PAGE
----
Austin High School
Semaj Johnson was diagnosed with sickle-cell disease (SCD) when he was only two weeks old. Since then, he has undergone 24 surgeries, 53 blood transfusions and has been in and out of the hospital more than 87 times. SCD is a hereditary blood disorder characterized by an abnormality in the oxygen-carrying hemoglobin molecule in red blood cells. It is estimated that SCD affects 70,000-100,000 people, mainly African-Americans. It occurs in about 1 out of every 500 births.
In his nomination of Semaj as a Young Hero, senior army instruction Lieutenant Colonel James L. Walker wrote, “He is always weak and in constant pain, but he has one of the most sunny dispositions I have seen in twenty years of teaching.”
Semaj has not allowed a crippling disease to define him. Rather, he has defined himself as an amazing go-getter who is constantly seeking ways to better the lives of his fellow SCD sufferers. In 2012, he founded Semaj’s Sickle Cell Warriors, an organization devoted to raising money to diagnose and treat SCD in young children.
At school, Semaj is a whirlwind of activity. He is a JROTC Staff Sergeant with the responsibility of assisting with the leadership and development of forty JROTC cadets. He is also a member of the award-winning color guard team in which he has participated in more than twenty presentations of the American flag. “His most impressive accomplishments as a cadet,” wrote Lt. Col. Walker, “are as a two-time graduate of the rigorous JROTC OCS/NCO Course. This is a challenging two-week course that puts the cadets through a series of tough physical and mental activities.” Semaj is also a member of the JROTC drill team.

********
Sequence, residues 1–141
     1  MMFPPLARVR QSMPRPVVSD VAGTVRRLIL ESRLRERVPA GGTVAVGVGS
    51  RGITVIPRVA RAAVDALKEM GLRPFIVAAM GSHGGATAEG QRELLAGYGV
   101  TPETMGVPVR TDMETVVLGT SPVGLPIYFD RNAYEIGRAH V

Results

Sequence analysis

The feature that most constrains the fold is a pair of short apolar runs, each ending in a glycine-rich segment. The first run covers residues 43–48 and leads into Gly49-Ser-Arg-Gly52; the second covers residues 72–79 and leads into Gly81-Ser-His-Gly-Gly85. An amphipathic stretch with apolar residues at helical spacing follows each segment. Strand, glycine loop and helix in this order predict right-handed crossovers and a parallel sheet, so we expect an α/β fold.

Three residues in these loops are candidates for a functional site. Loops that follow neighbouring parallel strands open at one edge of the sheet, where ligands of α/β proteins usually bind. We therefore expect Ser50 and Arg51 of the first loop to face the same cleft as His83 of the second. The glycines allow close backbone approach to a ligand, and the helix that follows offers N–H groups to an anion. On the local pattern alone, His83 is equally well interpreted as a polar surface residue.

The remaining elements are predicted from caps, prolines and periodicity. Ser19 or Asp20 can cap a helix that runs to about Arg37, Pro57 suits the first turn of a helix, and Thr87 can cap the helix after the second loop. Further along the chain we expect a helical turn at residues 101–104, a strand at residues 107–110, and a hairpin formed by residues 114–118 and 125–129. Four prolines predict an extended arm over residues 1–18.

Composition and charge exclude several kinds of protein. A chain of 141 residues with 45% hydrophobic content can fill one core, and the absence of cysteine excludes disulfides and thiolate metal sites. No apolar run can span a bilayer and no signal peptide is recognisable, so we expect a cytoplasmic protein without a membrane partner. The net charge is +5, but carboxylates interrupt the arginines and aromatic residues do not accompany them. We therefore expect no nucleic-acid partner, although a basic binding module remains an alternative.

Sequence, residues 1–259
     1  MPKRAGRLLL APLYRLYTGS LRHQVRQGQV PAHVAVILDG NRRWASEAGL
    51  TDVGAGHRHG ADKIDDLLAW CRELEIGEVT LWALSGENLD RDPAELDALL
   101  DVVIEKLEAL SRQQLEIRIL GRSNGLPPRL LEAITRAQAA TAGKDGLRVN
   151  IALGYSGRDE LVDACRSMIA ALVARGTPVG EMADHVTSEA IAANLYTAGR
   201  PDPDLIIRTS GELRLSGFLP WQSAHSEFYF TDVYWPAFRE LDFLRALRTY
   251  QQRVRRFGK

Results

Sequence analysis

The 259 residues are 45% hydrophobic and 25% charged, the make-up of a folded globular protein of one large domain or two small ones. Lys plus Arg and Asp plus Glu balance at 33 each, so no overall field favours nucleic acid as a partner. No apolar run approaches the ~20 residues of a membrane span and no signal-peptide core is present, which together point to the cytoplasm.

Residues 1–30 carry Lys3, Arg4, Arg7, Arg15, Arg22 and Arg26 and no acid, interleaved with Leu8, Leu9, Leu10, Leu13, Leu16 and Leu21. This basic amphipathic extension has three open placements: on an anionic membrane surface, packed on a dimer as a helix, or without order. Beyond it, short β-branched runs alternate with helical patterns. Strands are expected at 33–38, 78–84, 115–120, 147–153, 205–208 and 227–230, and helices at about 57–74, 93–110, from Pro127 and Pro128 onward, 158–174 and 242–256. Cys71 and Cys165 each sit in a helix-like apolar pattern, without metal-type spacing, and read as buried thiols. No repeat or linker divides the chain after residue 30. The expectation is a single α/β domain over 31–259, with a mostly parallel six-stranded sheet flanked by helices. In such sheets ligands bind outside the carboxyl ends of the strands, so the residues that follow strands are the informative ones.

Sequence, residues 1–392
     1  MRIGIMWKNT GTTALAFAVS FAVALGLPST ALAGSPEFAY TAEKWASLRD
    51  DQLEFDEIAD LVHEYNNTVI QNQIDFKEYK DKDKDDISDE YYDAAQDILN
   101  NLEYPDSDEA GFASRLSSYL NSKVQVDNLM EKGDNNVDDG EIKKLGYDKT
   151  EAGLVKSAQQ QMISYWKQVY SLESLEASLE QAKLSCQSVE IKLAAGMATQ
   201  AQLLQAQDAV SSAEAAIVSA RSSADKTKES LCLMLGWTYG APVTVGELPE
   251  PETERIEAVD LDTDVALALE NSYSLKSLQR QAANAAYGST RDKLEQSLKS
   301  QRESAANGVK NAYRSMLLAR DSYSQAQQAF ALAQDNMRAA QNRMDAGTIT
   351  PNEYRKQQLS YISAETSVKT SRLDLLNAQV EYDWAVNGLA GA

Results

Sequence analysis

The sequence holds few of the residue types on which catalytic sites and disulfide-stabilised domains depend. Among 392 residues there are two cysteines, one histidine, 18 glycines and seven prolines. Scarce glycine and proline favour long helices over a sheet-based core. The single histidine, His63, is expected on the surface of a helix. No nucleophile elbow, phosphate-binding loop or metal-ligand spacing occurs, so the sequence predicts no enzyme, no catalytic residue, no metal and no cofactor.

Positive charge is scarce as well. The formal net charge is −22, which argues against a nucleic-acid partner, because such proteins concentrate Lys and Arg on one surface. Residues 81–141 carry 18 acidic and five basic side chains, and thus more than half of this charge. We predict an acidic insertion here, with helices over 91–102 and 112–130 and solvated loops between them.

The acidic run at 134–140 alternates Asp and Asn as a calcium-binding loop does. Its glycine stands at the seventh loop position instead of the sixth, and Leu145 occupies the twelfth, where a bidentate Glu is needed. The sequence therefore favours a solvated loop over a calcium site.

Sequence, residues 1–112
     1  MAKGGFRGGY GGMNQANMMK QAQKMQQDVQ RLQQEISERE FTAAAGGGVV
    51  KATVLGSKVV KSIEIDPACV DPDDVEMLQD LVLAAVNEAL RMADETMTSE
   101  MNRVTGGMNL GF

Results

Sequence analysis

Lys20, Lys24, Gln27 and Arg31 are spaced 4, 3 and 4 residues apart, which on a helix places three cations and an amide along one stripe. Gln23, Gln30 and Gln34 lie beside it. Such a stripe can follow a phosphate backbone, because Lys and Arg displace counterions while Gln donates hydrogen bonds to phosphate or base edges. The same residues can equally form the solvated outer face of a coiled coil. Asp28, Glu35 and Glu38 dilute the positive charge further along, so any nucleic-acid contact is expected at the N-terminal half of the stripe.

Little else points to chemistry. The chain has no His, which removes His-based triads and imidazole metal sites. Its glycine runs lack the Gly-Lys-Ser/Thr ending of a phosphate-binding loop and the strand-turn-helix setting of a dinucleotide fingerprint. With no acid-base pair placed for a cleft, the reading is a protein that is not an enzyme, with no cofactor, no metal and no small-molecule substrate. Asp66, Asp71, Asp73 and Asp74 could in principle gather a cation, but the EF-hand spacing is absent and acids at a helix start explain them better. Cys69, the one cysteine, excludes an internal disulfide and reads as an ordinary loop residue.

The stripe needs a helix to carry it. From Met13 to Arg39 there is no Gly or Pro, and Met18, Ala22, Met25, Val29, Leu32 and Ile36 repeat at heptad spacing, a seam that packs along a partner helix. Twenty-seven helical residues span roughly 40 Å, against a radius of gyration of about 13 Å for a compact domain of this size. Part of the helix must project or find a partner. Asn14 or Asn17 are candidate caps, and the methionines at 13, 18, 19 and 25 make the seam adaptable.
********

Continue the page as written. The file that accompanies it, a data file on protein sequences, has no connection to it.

Last year, Semaj was heavily involved with Relay For Life, a fundraising event for the American Cancer Society. He was named “Most Valuable Player.”
In addition to his JROTC activities, Semaj is an active member of the Austin Ambassadors, the student council, the Thespian Club, and the Austin Accent newspaper staff. Recognizing his community support, teacher Heather Tucker said, “He recently participated as a member of HOSA in our Christmas community service activities at a local nursing home and helped make blankets for foster children. He also led his class in collecting toys for children at the Children’s Hospital.” Throughout this service, Semaj has maintained a 3.7 grade point average and is ranked in the top 20 percentile of his graduating class.
Mrs. Tucker wrote, “Semaj has been dealt a hand that would cause most people to fold, but he chooses to play the hand with perseverance.”
Refusing to allow physical adversity to deter you from the path of success and achievement – for this and many other reasons, Semaj Johnson is recognized by his school and our state as a 2015 Young Hero of Alabama.
The Young Heroes Program is made possible through the support of: